The Right Age

By Vicky Katz Whitaker

June 11, 2010 5 min read

When it comes to picking clothes for school, your teenage daughter wants to look "hot," her twin brother insists on really baggy jeans, and their preteen little sister wants to dress like a pop star.

What's a parent to do?

Set the ground rules, and don't back off, the experts say.

"It's important to begin with some rules and make sure that your child/teen knows them and that you are consistent about them. If you don't have bottom line rules (e.g., no skirts/shorts above fingertip length, no bra straps or underwear sticking out, no bellybuttons showing), your child won't have anything to start with and you won't have a position from which to negotiate initially," says psychologist, consultant and author Dr. Susan Bartell.

But that doesn't mean your child's clothes have to be a carbon copy of what you wear, she adds. "Your child's clothing choices do not and should not reflect your taste, but they should reflect the level of modesty that is socially and developmentally appropriate. This needs to be negotiated properly so your child feels that you understand her needs and you feel comfortable with what she is wearing," she says. "It's normal for your child to have different taste than you. It's generational and part of the separation process. When you inflict your taste on your child, it will make for many arguments."

Whether you ante up or your child pays for all or part of his/her back-to-school wardrobe, retain the right of first refusal, Bartell says. And if he/she chooses something that isn't flattering, say so, but do it one-on-one when your child is not tired and when friends and siblings aren't around. "It's tough. You need to be very, very sensitive."

Taking a look at the "norm" in your area can help you decide about such things as when to allow makeup, but it should not dictate your ultimate decision, Bartell says. But if your child struggles socially, "it should be strongly considered. A child who already has a hard time making friends needs to be able to fit in in superficial ways. That's just reality!"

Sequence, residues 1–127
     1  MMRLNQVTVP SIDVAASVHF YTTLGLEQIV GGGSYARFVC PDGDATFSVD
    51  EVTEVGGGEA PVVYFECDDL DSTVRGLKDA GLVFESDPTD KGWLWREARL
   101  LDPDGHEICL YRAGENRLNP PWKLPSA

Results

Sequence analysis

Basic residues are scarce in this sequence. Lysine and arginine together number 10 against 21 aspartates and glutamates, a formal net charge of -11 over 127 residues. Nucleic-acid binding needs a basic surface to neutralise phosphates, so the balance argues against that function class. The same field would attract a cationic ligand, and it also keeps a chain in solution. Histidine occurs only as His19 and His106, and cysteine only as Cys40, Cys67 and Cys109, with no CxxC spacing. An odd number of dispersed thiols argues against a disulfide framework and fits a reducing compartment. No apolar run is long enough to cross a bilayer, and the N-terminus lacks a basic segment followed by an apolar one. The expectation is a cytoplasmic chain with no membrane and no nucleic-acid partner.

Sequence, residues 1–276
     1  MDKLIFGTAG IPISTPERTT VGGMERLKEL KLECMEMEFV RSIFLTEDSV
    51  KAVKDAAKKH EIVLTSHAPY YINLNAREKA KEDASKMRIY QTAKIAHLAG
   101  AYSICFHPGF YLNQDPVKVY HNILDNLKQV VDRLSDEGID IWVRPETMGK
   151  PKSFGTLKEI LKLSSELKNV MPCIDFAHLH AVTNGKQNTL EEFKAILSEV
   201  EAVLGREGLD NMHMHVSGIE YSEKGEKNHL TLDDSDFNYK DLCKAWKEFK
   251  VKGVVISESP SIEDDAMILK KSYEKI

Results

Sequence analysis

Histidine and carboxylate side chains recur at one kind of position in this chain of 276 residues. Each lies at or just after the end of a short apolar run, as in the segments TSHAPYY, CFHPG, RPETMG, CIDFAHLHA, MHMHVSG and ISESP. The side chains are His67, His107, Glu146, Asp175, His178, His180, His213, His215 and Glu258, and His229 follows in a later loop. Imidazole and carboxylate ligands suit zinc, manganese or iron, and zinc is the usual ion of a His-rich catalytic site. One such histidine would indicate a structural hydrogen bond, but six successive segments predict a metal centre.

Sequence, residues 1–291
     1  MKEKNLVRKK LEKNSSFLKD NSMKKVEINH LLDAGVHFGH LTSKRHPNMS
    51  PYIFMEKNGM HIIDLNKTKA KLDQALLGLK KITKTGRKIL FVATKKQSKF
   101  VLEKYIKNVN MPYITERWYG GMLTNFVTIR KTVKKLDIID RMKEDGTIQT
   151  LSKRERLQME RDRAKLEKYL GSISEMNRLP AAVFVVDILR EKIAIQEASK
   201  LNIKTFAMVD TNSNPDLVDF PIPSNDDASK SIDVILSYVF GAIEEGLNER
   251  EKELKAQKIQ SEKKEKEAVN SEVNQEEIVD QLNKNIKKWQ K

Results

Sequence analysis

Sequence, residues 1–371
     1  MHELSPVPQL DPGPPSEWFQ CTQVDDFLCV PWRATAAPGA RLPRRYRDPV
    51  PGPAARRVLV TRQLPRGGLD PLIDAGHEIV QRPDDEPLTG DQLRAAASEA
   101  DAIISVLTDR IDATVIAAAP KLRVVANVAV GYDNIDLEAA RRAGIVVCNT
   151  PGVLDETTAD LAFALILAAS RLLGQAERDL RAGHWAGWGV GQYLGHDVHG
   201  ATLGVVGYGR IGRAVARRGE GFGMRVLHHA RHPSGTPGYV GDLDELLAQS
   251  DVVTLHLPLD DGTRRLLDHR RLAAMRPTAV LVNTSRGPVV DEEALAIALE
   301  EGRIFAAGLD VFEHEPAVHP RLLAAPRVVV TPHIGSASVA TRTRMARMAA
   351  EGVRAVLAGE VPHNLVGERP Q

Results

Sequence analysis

Communicating with your child about clothing and makeup choices can start as early as grade school, experts say, as a way to counter the barrage of images of provocatively dressed young entertainers they see on television and in movies and magazines.

Younger children have a hard time distinguishing the difference between dress-up and real world, so if your young daughter watches as you apply makeup, it may be the ideal time to explain "why shimmery eyes, lacquered lips and brightly colored cheeks might look great on her dolls but aren't what people wear on a daily basis," says Sarah McIlroy, CEO and co-founder of FashionPlaytes, an online design studio that enables girls ages 5 to 12 to design and produce their own clothing lines. "She needs to know there's a distinction between Barbie-land and the real world."

McIlroy started her company to provide the kind of fashion confidence she gained as a child in working with her mother, a skilled sewer who was able to transform her daughter's sketches for school and party clothes into real garments. "I'd like to offer girls the chance to create something unique and build their confidence and self-esteem in the process, says McIlroy, now the mother of two. "At the essence of our business is collaboration between parents and daughters throughout the design process."

Even if you haven't had the chance to open that line of communication until you and your child are already at odds over clothing and/or makeup choices, don't be afraid to speak up. "If an outfit is inappropriate because of the child's age or because of the setting in which he or she will be wearing it, explain the reason for your objection and hold your ground," says attorney and psychologist Dr. Robert Goldman, a specialist in children's issues. "If your objection is based purely on what you like and don't like, if it is purely a matter of taste, you could let your child know that though this wouldn't be something you would choose for him or her, the choice is his or hers."

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